Internal auditors identify cyber-security as top risk

News by Tom Reeve

Internal auditors say cyber-security is now the biggest risk facing their organisations, in part due to structural insecurities in corporate networks, the threat of data breaches and the growing sophistication of cyber-criminals.

Internal auditors say cyber-security is now the biggest risk facing their organisations, in part due to structural insecurities in corporate networks, the threat of data breaches and the growing sophistication of cyber-criminals.

And it’s not just fines that worry auditors but the fact that the regulator can freeze operations by halting the processing of data in the event of a breach.

According to a report by the Chartered Institute of Internal Auditors (CIIA), 66 percent of auditors say cyber-security is one of their top five concerns, placing it ahead of compliance (58 percent) and data security and protection (58 percent). Asked to say what the number one concern was, 15 percent of respondents said cyber-security, placing it number one on the list ahead of compliance (13 percent) and digitalisation (nine percent).

The conclusions are contained in the third annual report, Risk in Focus, published by the CIIA today. It’s based on face-to-face interviews with 42 chief audit executives (CAEs) in eight European countries conducted by the CIIA and six other European audit associations who are members of the European Confederation of Institutes of Internal Auditing. This year, for the first time, the authors of the report also conducted a survey of their members which received over 300 replies from CAEs.

The report found that all CAEs had cyber-security earmarked as a priority in their 2019 audit plans.

CIIA chief executive Dr Ian Peters said: "It is not surprising that organisations are most concerned with cyber-security, compliance and data protection in a post-GDPR world."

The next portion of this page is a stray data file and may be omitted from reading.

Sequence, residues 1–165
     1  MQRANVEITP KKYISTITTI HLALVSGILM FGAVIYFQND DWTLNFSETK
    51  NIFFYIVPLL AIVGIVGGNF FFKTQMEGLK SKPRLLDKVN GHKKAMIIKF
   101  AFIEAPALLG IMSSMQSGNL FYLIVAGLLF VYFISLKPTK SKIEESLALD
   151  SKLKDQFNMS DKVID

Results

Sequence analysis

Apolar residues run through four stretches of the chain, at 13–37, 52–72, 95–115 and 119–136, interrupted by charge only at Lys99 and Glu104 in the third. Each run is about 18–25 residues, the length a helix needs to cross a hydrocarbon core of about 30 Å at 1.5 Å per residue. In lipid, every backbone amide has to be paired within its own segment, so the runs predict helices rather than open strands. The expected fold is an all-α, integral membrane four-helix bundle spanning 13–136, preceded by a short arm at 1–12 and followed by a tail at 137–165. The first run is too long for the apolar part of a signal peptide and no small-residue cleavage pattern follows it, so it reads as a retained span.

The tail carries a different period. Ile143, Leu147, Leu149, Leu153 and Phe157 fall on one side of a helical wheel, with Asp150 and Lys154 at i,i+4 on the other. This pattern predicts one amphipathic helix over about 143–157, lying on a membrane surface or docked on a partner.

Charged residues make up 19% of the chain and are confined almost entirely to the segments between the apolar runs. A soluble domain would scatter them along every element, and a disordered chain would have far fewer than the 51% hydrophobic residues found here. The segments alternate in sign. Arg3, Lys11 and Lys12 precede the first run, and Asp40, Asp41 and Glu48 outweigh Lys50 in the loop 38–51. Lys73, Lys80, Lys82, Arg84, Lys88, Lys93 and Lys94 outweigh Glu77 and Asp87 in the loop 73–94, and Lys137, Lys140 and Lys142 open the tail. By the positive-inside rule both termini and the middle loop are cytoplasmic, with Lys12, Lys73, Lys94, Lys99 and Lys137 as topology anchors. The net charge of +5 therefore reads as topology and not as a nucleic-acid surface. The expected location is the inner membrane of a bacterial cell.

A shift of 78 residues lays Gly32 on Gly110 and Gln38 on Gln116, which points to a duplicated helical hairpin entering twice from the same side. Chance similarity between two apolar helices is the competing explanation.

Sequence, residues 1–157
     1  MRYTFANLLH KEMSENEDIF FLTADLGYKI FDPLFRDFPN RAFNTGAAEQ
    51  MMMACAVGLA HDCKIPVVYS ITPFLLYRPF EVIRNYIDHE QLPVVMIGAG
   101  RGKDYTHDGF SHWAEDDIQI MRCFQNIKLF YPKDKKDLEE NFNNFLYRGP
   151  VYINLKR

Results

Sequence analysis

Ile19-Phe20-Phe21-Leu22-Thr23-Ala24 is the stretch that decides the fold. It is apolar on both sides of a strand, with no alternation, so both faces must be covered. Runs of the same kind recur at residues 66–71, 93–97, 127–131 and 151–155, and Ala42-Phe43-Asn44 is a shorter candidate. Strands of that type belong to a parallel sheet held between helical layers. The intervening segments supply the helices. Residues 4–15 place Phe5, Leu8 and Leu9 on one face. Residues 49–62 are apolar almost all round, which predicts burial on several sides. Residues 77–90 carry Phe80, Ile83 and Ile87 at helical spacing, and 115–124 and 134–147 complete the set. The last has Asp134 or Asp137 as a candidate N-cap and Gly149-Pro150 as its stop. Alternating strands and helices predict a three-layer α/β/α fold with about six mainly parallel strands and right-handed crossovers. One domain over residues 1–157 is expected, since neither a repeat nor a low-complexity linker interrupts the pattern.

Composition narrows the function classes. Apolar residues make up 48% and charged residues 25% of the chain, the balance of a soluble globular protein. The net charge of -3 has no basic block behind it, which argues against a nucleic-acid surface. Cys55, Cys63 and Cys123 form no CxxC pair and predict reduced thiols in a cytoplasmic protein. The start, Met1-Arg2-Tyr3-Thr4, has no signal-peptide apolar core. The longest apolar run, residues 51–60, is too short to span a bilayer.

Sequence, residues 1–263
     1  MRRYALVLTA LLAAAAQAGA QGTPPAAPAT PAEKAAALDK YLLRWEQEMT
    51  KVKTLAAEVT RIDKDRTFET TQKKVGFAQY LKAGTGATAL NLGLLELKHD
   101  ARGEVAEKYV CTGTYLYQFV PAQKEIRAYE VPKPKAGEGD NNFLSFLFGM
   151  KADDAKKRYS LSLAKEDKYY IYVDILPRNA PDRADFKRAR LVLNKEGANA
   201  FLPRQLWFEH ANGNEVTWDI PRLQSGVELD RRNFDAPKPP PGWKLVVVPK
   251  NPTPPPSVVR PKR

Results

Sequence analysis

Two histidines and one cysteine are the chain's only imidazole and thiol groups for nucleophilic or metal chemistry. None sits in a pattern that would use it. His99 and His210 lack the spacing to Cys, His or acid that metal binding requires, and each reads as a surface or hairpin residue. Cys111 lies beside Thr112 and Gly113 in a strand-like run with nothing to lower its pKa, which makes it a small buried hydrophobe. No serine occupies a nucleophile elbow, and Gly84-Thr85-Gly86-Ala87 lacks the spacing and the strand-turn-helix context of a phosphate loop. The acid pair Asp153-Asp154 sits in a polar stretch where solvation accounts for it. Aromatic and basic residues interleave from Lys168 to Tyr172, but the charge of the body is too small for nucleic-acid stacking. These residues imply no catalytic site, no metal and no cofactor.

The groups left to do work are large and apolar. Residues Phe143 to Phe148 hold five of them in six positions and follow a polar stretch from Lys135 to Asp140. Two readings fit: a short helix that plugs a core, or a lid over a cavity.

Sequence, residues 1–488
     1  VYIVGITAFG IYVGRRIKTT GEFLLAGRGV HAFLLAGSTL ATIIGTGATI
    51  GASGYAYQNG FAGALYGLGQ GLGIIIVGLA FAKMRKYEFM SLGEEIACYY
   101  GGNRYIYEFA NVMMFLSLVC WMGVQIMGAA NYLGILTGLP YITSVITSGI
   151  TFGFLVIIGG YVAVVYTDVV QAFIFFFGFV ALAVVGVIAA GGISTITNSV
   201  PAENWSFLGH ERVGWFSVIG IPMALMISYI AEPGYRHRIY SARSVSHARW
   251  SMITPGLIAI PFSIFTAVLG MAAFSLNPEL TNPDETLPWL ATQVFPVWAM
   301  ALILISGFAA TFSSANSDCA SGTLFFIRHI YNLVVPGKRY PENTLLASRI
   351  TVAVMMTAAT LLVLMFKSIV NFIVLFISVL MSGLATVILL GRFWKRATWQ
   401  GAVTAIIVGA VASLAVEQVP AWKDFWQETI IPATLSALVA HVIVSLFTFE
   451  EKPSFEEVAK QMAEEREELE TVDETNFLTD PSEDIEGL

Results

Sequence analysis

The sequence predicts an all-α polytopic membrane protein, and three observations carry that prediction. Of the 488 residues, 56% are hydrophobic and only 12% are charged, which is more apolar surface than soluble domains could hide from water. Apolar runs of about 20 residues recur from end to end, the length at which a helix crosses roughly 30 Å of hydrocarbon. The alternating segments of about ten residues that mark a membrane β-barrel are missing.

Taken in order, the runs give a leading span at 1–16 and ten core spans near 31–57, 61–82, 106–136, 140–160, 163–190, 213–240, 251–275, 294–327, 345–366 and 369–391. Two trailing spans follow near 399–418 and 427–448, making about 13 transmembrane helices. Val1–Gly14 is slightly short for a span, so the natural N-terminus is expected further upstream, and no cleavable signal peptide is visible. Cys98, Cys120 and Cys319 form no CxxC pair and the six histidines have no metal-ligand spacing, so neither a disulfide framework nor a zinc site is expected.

He said, "High-profile cyber-attacks such as Petya and WannaCry are becoming more and more prevalent and this means that organisations are only as strong as the weakest link in their IT supply chain."

The report identified the ‘piecemeal approach’ to IT infrastructure planning which companies have taken over the years as a major source of today’s problems. Siloed systems and bolt-on subsystems have been allowed to develop through poor governance and oversight of IT functions, the report said. This has come back to bite organisations, making their heterogeneous systems more vulnerable to cyber-criminals.

It noted that organisations have made great strides in securing their internal networks by upgrading systems and rationalising infrastructure and predicted that attention would increasingly shift to the security of supply chains and trusted third parties.

It is estimated that incidents of malware being used against supply chains in a bid to infiltrate connected targets increased by 200 percent in 2017, a trend which is only set to increase, the report said.

The trend to migrate data and services to ‘cloud’ services will improve security, the report said while noting that it does raise issues of its own. Microsoft noted an increase in attacks against its customers cloud-based systems primarily by password compromise.

However, the report also noted that the General Data Protection Regulation (GDPR) is another source of risk, but not just in terms of fines for breaches. It noted that the owner of the data, the data controller, can be held liable for breaches of the cloud infrastructure, the data processor, "provided the processor has adhered to the controller’s requirements as detailed in the data-sharing agreement/contract".

While fines have drawn all the attention, the regulator also has the power to halt the processing of data in the event of a breach, with the potential to freeze a company’s operations regardless of which party was liable.

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